In early March of this year, two studies were released on the same subject with findings that could not have been more divergent.
On March 7, 2013, the Nuclear Regulatory Commission released a report stating that nearly all—99 out of 104—of the commercial nuclear reactors in the United States received passing grades on nuclear safety, and 81 out of the 99 passed with flying colors, meeting every “safety and security performance objective.” Three of the worst performing reactors were found to have a “degraded level of performance” requiring additional NRC oversight, and just one had “a safety finding of high significance” requiring yet more oversight and corrective actions. The NRC report seemed to confirm unequivocally that America’s nuclear power plants are operating safely.
Just days later, the Union of Concerned Scientists (UCS) released its own study titled “Tolerating the Intolerable,” in which 14 nuclear plants were found to have experienced “near miss” scenarios in the last year, in which the risk of a meltdown increased by at least a factor of 10.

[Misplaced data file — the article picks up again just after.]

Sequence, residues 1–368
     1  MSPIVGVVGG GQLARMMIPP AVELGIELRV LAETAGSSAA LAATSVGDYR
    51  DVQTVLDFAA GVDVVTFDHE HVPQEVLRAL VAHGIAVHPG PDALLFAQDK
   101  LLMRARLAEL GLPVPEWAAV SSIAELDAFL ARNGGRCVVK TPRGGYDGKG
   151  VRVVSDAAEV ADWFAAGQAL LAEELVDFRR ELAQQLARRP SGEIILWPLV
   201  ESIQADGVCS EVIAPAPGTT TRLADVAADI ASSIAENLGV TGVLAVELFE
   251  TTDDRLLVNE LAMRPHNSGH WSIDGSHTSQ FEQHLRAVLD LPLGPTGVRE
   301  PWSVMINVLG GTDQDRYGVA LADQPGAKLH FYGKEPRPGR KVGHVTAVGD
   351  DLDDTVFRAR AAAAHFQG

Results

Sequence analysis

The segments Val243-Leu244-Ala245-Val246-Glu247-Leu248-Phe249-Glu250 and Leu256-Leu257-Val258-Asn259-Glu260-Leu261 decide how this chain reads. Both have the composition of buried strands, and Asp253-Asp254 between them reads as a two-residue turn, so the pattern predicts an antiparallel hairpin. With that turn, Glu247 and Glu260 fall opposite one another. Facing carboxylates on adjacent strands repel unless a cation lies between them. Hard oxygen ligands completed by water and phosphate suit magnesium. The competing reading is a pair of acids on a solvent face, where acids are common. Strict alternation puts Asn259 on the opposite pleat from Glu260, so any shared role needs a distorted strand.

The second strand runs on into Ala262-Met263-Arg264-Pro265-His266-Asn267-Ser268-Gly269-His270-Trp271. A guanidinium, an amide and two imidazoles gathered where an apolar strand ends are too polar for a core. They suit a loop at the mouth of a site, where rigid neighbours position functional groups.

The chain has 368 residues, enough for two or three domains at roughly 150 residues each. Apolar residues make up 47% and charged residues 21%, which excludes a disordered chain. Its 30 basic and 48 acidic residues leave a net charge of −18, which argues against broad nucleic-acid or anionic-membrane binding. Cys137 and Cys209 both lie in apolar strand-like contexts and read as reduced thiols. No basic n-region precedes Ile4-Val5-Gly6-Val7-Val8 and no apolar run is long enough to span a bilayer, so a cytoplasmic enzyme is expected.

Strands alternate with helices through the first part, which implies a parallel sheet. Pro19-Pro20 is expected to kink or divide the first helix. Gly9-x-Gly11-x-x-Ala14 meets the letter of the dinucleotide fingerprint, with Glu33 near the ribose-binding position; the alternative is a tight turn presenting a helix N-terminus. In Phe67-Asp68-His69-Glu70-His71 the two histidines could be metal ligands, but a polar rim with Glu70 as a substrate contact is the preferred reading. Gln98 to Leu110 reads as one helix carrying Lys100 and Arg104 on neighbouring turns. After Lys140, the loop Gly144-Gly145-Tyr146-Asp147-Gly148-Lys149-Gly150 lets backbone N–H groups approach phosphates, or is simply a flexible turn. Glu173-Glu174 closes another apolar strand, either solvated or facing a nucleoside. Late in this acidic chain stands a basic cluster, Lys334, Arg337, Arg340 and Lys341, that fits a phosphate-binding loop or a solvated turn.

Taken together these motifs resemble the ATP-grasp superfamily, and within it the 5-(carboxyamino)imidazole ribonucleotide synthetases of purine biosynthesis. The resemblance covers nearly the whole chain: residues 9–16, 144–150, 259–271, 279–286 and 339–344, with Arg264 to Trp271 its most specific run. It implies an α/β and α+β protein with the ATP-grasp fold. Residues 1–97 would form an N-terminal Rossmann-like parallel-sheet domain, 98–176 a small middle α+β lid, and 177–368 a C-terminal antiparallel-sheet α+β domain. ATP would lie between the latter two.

The media had a field day with the second report, the Atlantic releasing online “A Map of All the U.S. Nuclear Plants That Almost Melted Down in 2012.” One can be forgiven for wondering what’s going on here. Two years after the world’s worst nuclear disaster in decades, is the U.S. nuclear fleet taking reasonable security and safety precautions? Or are Americans narrowly avoiding Fukushimas at a rate of more than once a month?
Read the full story in the upcoming May issue of Power Engineering magazine
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